On the 22nd day of May 2021, AfronomicsLaw Academic Forum held a Guest Lecture titled 'Trade Facilitation: The Key to a Borderless Africa'. The esteemed speakers were Dr Tsotang Tsietsi and Mr Craig Merito, who addressed the role of trade facilitation as a mechanism to enhance intra-African trade. Dr Tsietsi, the first speaker, is a Senior Lecturer at the National University of Lesotho. She holds an LLM from the University of Cambridge and a PhD from the University of Cape Town. Mr. Craig Merito is an international trade expert and consultant with over 25 years of experience. This piece will reflect on the issues raised by Dr Tsietsi before proceeding to those encompassed by Mr. Merito.
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This article discusses the significant role of the role of trade facilitation in addressing NTBs in the AfCFTA. The article is divided into six parts. The first part outlines the various types of NTBs. The second part discusses trade facilitation. The third part discusses the trade facilitation and elimination of NTBs at the African regional level. The fourth provides an account of trade facilitation and removal of NTBs under the AfCFTA. Part five provides the concluding remarks. The sixth and last part offers some recommendations for the implementation of trade facilitation commitments under the AfCFTA Agreement with a view of effectively curbing NTBs in intra-Africa trade.
The Southern African States are encouraged to continue with their laudable efforts of implementing transparency measures. They should strive to meet the implementation deadlines that they have set for themselves. They should seek assistance to mitigate any capacity constraints that are preventing them from making necessary reforms. Fortunately both the TFA and the AfCFTA recognise the importance of special and differential treatment (S&DT) and technical assistance to improve prospects of compliance. This gives some assurance that members will continue to achieve greater success in improving transparency going forward.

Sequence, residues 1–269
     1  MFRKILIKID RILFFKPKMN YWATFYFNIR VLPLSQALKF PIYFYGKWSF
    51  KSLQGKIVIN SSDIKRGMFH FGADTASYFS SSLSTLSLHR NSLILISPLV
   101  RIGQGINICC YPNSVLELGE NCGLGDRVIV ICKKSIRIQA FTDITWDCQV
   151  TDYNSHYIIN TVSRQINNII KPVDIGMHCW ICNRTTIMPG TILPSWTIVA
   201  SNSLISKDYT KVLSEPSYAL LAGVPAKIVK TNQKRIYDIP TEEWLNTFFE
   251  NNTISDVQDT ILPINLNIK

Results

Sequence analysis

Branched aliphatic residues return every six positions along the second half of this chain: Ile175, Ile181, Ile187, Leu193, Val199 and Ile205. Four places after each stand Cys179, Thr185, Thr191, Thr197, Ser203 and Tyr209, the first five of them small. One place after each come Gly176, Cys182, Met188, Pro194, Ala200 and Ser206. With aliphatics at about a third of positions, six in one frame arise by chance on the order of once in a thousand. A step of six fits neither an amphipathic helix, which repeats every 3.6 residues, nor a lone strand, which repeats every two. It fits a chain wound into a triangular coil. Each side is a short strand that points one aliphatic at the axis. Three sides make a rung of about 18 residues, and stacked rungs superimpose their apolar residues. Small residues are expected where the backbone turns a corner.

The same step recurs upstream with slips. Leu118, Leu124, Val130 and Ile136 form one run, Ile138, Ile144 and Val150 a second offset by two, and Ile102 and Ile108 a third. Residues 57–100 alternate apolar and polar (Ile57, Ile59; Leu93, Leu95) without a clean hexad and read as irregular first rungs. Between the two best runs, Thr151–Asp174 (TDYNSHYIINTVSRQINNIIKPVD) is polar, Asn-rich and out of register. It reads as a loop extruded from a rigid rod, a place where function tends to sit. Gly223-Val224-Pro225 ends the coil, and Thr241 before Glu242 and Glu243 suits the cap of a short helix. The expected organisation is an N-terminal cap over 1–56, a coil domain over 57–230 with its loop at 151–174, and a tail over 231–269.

This symposium evaluates some of the key trade facilitation issues that member countries need to effectively address in order to ensure the AfCFTA’s success.
This article will briefly examine this dynamic across three interconnected dimensions: (1) flexibility and innovation in IEL agreement models, with a focus on trade agreements, that better integrate economic and social development goals and allow parties to adapt to new circumstances or phase in commitments on a more incremental basis; (2) flexibility in implementation of trade disciplines and agreements; and (3) legal and regulatory innovation that can both define and flow from IEL agreements. These three dimensions take into account both treaties themselves and how they relate to changes in law and regulation in practice, drawing a link between international agreements and their operation that is particularly important in times of change or uncertainty. In assessing dimension three, legal and regulatory innovation, which has been a focus of my work over the past decade,
To finalise our International Women’s Day symposium on scholarship by women, this post highlights some women working on International Economic Law (IEL) that the editorial team put together in the last couple of days. This post is therefore by no means intended to be exhaustive. We encourage our readers to add to our list. Next year with more time, we hope to have an even more extensive list of women working in IEL.
We have an outstanding opportunity for an Adviser, Trade Competitiveness Section in our Trade, Oceans and Natural Resources Directorate
The huge investments in the extractive sector should, in principle, be a catalyst for economic growth, job opportunities, and development. Often, these investments have been a source of environmental degradation, socio-economic malaise and despair. Equatorial Guinea, for instance, is a classic example of the ‘resource curse mystery in Africa. To leverage extractive resources for development, African countries are faced with legal, fiscal, implementation, infrastructure, regulatory and institutional challenges. This contribution addresses state and investor responsibility in the sustainable development of Africa’s extractive sector. It highlights four responsibility indices that will guide states and investors in fostering a shared value approach to an inclusive and sustainable development of Africa’s extractive sector.